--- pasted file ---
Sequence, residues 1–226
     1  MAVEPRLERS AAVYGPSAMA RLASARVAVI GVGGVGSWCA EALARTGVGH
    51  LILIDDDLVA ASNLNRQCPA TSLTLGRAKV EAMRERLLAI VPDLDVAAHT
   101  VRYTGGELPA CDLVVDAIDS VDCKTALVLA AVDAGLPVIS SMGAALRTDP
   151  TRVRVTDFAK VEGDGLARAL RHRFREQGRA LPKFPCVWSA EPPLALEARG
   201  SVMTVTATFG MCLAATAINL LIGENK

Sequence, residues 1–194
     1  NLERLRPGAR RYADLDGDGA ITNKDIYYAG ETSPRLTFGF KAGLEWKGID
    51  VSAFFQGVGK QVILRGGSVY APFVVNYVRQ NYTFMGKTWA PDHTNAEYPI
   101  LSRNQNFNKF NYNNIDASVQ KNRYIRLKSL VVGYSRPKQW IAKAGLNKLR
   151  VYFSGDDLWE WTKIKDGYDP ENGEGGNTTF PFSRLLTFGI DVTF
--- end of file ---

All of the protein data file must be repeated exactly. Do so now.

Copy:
Sequence, residues 1–226
     1  MAVEPRLERS AAVYGPSAMA RLASARVAVI GVGGVGSWCA EALARTGVGH
    51  LILIDDDLVA ASNLNRQCPA TSLTLGRAKV EAMRERLLAI VPDLDVAAHT
   101  VRYTGGELPA CDLVVDAIDS VDCKTALVLA AVDAGLPVIS SMGAALRTDP
   151  TRVRVTDFAK VEGDGLARAL RHRFREQGRA LPKFPCVWSA EPPLALEARG
   201  SVMTVTATFG MCLAATAINL LIGENK

Sequence, residues 1–194
     1  NLERLRPGAR RYADLDGDGA ITNKDIYYAG ETSPRLTFGF KAGLEWKGID
    51  VSAFFQGVGK QVILRGGSVY APFVVNYVRQ NYTFMGKTWA PDHTNAEYPI
   101  LSRNQNFNKF NYNNIDASVQ KNRYIRLKSL VVGYSRPKQW IAKAGLNKLR
   151  VYFSGDDLWE WTKIKDGYDP ENGEGGNTTF PFSRLLTFGI DVTF